The pathogenic potential of P. gingivalis, the predominant pathogen associated with CP, has been attributed to several virulence factors, including its fimbriae, a unique LPS and cysteine proteinases {Lamont, 1998 #75}. Several lines of evidence suggest that in order to survive in the hostile host environment, P. gingivalis must evade or subvert the host immune system (Domon, et al., 2008, Hajishengallis, et al., 2008) by targeting innate immunity via these virulence factors. P. gingivalis has also been called a ‘keystone” species due to its ability to influence the entire oral microbial community by modulation of innate responses (Darveau, 2009). In the present study we show a role for P. gingivalis LPS in modulation of MMP-9 and TIMP-1 by DCs. Our results show that P. gingivalis LPS is more potent in inducing bioactive MMP-9 than E.coli LPS (Figs 13). Moreover while both LPS moieties increase TIMP-1 levels compared to untreated control, the ratio of MMP9/TIMP1 is higher when MoDCs are stimulated with P. gingivalis LPS. TIMP-1 functions as an inhibitor of MMPs by forming non-covalent complexes with MMPs, thus blocking access of substrates to the MMP catalytic site (Gomez, et al., 1997, Bode, et al., 1999). A high MMP/TIMP-1 ratio, therefore, implies an imbalance or loss of MMP-9 regulation, as reported in inflammatory diseases such as lupus nephritis (Jiang Z, 2009), encephalitis (Ichiyama T, 2009), appendicitis (Solberg A, 2008) and periodontitis (Kubota T, 2008). While the present study was carried out in vitro, we used the potent antigen presenting cells DCs, which infiltrate lamina propria in CP (Jotwani, et al., 2001) and have been shown to contact P. gingivalis in situ.(Cutler, et al., 1999)

The reported structure of P. gingivalis LPS, particularly its diverse lipid A species, is associated with its unorthodox targeting of TLR2, compared to TLR4 by E. coli LPS, used as a control here (Fig. 1, ,2).2). P. gingivalis LPS can also weakly stimulate TLR4, but potently antagonize TLR4 activation by other stronger agonists (Darveau, et al., 2004). Our previous published studies on the immuno-biological functions of P. gingivalis LPS with MoDCs have demonstrated that its LPS is also a weak inducer of MoDC maturation and induces a Th2 effector response, versus a Th1 effector response by E.coli LPS (Jotwani, et al., 2001, Jotwani & Cutler, 2003). Differential TLR targeting, as well as our recent in press studies may offer clues as to the mechanisms involved in the functional differences in P. gingivalis LPS, including the MMP-9 observations here. We recently reported that P. gingivalis LPS induces in DCs increased translocation of NFκB p50 subunits and of p50 homodimer formation into the nucleus. Moreover, this same pattern of increased p50 subunits and of p50 homodimer formation is found in tissues from CP patients (Jotwani, 2009). Induction of MMP-9 and TIMP-1 has been reported to be transcriptionally regulated via the MEK/ERK pathway (Maddahi, et al., 2009). The MEK-ERK pathway acts upstream of NFκB p50 homodimer activity (Kurland, et al., 2003). Our results therefore imply a mechanistic link between the unusual immuno-biological activities of P. gingivalis LPS as reported here, with the intracellular signaling pathways and transcription factors that it induces.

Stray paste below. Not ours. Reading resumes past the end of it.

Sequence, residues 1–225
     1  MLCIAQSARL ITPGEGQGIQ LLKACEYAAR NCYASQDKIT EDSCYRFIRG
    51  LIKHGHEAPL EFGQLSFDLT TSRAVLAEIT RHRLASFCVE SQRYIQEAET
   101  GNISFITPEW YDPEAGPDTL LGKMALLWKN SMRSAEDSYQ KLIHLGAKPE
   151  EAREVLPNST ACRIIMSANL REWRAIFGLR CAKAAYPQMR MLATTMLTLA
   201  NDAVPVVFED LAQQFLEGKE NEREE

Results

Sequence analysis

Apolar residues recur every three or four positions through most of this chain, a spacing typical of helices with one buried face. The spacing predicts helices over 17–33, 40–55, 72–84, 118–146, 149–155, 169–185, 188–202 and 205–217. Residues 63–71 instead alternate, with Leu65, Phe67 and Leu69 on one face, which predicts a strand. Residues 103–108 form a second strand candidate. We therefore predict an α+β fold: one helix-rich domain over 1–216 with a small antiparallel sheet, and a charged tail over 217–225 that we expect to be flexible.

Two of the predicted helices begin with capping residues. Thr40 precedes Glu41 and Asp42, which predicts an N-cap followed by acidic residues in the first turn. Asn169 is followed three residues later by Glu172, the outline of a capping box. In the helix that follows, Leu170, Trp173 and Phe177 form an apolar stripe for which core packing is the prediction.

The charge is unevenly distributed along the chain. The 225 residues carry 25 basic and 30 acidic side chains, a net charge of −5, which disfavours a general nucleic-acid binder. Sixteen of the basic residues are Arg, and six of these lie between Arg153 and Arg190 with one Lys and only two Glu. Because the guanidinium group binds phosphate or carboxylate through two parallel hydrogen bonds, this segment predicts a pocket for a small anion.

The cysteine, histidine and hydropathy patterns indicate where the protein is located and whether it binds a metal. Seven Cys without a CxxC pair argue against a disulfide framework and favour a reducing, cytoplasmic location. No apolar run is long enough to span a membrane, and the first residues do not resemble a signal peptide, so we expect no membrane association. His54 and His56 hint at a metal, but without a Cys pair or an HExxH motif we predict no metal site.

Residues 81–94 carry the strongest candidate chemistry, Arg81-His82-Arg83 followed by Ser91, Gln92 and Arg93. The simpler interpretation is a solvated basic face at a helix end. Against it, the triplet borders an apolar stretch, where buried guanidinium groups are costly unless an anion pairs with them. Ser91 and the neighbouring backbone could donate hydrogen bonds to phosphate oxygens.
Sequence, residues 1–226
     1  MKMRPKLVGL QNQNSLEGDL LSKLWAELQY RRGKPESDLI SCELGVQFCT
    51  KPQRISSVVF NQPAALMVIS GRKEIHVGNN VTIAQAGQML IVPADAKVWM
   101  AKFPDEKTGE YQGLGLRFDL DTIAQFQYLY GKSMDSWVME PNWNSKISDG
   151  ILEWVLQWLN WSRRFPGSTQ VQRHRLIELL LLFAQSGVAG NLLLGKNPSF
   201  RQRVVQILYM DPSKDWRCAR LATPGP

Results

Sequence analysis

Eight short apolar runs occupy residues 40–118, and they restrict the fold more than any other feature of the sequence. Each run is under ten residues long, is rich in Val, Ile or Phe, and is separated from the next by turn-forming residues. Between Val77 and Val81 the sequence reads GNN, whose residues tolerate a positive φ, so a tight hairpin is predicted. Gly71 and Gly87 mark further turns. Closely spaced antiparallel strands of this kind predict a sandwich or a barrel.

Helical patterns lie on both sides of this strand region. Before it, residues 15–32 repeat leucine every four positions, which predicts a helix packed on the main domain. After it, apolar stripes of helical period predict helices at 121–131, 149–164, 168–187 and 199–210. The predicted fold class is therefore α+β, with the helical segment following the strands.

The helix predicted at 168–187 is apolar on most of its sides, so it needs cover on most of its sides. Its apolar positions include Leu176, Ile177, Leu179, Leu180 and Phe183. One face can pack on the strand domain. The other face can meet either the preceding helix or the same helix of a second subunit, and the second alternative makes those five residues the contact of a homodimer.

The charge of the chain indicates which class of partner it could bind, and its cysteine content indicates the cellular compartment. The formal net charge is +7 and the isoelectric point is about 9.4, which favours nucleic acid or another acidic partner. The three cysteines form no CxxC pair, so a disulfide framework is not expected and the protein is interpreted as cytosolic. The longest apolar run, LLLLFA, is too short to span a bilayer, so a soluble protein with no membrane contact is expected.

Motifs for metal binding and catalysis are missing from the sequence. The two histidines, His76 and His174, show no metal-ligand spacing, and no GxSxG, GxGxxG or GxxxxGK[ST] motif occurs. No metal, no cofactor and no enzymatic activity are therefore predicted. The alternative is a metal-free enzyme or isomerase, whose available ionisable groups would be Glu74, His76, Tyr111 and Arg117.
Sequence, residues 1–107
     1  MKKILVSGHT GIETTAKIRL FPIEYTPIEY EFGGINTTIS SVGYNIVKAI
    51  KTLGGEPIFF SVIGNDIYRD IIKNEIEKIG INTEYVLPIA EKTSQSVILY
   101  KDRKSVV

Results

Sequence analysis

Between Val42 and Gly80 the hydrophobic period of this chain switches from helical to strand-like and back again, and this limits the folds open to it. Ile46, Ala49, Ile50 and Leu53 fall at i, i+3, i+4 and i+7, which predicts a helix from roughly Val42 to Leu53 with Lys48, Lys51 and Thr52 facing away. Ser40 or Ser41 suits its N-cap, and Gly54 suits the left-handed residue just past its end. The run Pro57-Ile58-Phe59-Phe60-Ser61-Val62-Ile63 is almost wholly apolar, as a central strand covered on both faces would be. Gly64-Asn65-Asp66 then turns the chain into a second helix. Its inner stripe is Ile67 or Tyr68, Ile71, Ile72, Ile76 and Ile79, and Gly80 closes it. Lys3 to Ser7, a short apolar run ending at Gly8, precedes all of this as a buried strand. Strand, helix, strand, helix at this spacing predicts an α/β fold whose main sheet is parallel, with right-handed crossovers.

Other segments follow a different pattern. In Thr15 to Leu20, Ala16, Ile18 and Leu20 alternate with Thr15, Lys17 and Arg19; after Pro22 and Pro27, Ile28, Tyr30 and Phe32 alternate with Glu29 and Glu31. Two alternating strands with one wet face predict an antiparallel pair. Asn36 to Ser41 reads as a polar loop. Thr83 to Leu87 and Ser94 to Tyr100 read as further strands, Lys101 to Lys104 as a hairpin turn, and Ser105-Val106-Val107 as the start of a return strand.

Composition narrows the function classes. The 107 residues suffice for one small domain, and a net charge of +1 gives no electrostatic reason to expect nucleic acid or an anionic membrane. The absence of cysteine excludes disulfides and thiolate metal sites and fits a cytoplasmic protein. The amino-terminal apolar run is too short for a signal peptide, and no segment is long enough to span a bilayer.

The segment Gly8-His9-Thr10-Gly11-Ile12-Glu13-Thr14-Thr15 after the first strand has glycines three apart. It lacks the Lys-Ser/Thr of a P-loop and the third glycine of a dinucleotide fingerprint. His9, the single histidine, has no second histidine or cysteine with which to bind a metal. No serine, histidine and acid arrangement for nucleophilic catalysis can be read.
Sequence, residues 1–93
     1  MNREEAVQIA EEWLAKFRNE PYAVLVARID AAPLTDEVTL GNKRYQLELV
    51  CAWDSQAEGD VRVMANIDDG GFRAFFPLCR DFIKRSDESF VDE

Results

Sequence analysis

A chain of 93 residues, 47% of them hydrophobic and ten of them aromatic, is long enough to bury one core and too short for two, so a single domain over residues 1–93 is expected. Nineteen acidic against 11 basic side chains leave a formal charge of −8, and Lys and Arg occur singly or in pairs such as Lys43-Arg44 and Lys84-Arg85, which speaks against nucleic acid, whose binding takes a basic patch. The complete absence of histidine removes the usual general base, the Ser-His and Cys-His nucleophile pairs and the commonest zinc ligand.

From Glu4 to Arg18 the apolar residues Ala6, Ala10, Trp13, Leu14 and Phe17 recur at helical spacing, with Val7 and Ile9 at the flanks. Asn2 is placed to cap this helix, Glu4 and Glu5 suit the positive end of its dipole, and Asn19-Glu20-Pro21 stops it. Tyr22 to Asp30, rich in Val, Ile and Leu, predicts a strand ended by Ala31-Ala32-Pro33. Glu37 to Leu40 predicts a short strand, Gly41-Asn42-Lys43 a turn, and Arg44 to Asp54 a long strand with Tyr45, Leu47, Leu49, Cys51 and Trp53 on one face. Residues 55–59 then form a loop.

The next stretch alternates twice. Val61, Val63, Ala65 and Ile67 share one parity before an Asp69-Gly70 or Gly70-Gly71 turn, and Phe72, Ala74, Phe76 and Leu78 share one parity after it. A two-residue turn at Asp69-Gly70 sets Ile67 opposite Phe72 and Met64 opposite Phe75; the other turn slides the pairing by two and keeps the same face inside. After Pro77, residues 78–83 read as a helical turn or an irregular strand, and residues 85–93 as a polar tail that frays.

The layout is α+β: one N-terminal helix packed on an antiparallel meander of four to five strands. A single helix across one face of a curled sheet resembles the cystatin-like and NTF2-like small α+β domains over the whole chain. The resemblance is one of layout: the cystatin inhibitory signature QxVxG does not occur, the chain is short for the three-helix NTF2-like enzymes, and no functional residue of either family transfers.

Pulsing MoDCs with whole live P. gingivalis 381, as well as its major fimbriae deficient mutant DPG-3 and double-fimbriae mutant MFB resulted in equivalent MMP-9 levels. This was not the case however, with strain MFI, which has no minor fimbriae, but only expresses major fimbriae (Takahashi, et al., 2006, Zeituni, 2009) and produces lower levels of MMP-9 (Fig. 3). This is interesting in that strain MFI induces in MoDCs much higher levels of inflammatory cytokines, costimulatory molecules (Zeituni, 2009) and IL-10 (Fig 3C) than the other strains. Low MMP-9 induction by major fimbriae seems to be due to the important role that IL-10 plays in inhibition of MMP-9 production (Lacraz, et al., 1995). The major fimbriae is reported to target TLR2 (Davey, 2008)), as does P. gingvalis LPS, but this is apparently insufficient to overcome the inhibitory activity of IL-10. TLR2 appears to be particularly important in IL-10-mediated mucosal immune homeostasis in response to intestinal commensals (Cario, 2008).

In conclusion, in the present study we demonstrate by several techniques that P. gingivalis LPS is a more potent inducer of MMP-9 in DCs than E. coli LPS. Combined with induction of equivalent levels of TIMP-1 by both LPS moieties, this suggests a MMP-9/TIMP-1 imbalance by P. gingivalis LPS that could contribute to chronic inflammation (Kubota T, 2008, Solberg A, 2008, Jiang Z, 2009, Ichiyama T, 2009).. Elevated MMP-9/TIMP-1 was also induced by the whole bacterium, except the minor fimbriae deficient mutant MFI, due to high levels of MMP-inhibitory IL-10.


This study was supported by a US Public Health Service grant from the NIH/NIDCR (R01 DE014328 to C.W.C.). We would like to thank C.A. Genco (Boston University School of Medicine) for providing us with the isogenic fimbriae mutants (DPG-3, MFI, MFB) and T.E. Van Dyke (Boston University, Goldman School of Dental Medicine) for some of the LPS preparations.